The H-1B visa and permanent residency card, or green card, programs are under a new assault, and not from its usual opponents in Congress and elsewhere, according to immigration attorneys. The program now appears to be under attack from worker bees in the United States Citizenship and Immigration Services bureau and other regulatory agencies, who have dramatically increased the amount of paperwork required from employers looking to hire workers with green cards or H-1B visas.
Immigration attorneys say the primary tool used by the regulators is what's called a request for evidence. The USCIS and other agencies can make such requests of those who apply for an H-1B visa or permanent residency application and renewal. In recent months, use of the tool is becoming more far-reaching, asking for information such as corporate payroll records, zoning maps and even building fire-safety plans, they added.
The document requests by the U.S. Citizenship and Immigration Services in particular are "on the border of harassment," said Crystal Williams, co-director of the American Immigration Lawyers Association. The agency is "attempting to build a barrier, to make it as difficult as it possibly can be to get a visa." The group is now gathering evidence to make a case that the government is overstepping its authority. The request for additional documents has "gone out of control," said Sam Shihab, an immigration attorney based in Washington. H-1B employers are now "guilty until proven innocent," he added.
He noted that he took a photograph of one stack of supporting documents that stood four inches high and sent it to a client. He provided details of some of the documents sought by the government in his visa law blog.
Shihab claims that the government is particularly profiling IT firms that hire mostly Indian nationals.
Suhi Koizumi, a special counsel at Buchalter Nemer LLP in San Francisco, said that she has seen many government demands for irrelevant and burdensome documents from companies looking to hire workers who carry green cards. By law, employers seeking workers with green cards must certify that no qualified U.S. worker is available as part of the permanent residency process.
U.S. officials "are going to request résumés that the companies have received to make sure that they have considered all minimally qualified workers," said Koizumi. "Jobs are hard to find, and the government wants to encourage companies to hire U.S. workers."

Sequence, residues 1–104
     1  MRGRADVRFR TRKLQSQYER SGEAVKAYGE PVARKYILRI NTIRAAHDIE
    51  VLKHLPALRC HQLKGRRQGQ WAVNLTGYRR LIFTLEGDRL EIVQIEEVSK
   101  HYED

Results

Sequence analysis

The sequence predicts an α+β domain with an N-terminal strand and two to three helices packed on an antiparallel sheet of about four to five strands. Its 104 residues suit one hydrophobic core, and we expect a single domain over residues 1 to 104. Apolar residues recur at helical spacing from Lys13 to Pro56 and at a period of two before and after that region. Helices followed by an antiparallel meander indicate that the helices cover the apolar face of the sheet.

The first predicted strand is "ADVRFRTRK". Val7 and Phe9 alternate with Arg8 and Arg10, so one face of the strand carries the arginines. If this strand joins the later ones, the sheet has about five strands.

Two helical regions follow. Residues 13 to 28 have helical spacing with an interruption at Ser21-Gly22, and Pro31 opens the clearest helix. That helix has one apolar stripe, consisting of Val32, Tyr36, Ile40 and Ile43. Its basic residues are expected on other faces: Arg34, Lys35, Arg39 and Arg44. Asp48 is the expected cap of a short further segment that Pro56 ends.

The USCIS says that some of the increased scrutiny is required as part of the Troubled Asset Relief Program (TARP), which set new H-1B restrictions on firms that received bailout funds. The agency noted that in March, it cut back on the number of documents sought from companies.
In an e-mail to Computerworld, a USCIS spokesman noted that the agency is "requesting end-user documentation in those situations where the beneficiary is not working on-site for the petitioner. This will help us ensure that a job offer does indeed exist, and that the worksite is covered by the 'labor condition application' in the file and that a position is a specialty occupation." In a labor condition application, an employer must attest to paying the prevailing wage.
It's hard to tell whether the increased paperwork is discouraging foreign workers from applying for H-1B applications, though the pace of new applicants has fallen as U.S. unemployment numbers have grown. Approximately 65,000 H-1B visa applications have been received so far for the 2010 fiscal year that begins Oct. 1. A total of 85,000 H-1B visas are available for the fiscal year, including 20,000 designated for holders of master's degrees.
There are a number of reasons why the U.S. would step up enforcement of the H-1B and green card programs, especially for workers not housed at a customer site. A study by the USCIS released last fall found various problems, including fraud, in nearly one in five H-1B applications. And in February, the U.S. arrested 11 people in six states on H-1B fraud charges, alleging that companies were displacing qualified American workers.
A video of a 2007 seminar sponsored by Pittsburgh law firm Cohen & Grigsby that was posted on YouTube at the time was described as an invitation to increase enforcement in a separate video put together by the Programmers l tips to hiring managers and other viewers. In the video, an attorney speaking at the seminar is seen saying that "our goal is clearly not to find a qualified and interested U.S. worker. And that, in a sense, sounds funny, but it's what we are trying to do here."
The U.S. is also well armed to enforce visa rules through a $500 antifraud fee required with each H-1B application.
The Obama administration hasn't yet spelled out its direction for H-1B visas and employment-based green cards, but it is expected to support an expansion in their use. There's a belief among immigration attorneys that the enforcement actions are being directed by staffers, since the next director of the USCIS, Alejandro Mayorkas, is still awaiting confirmation. And while document request have picked up this year, they were also gaining steam before President George W. Bush left office.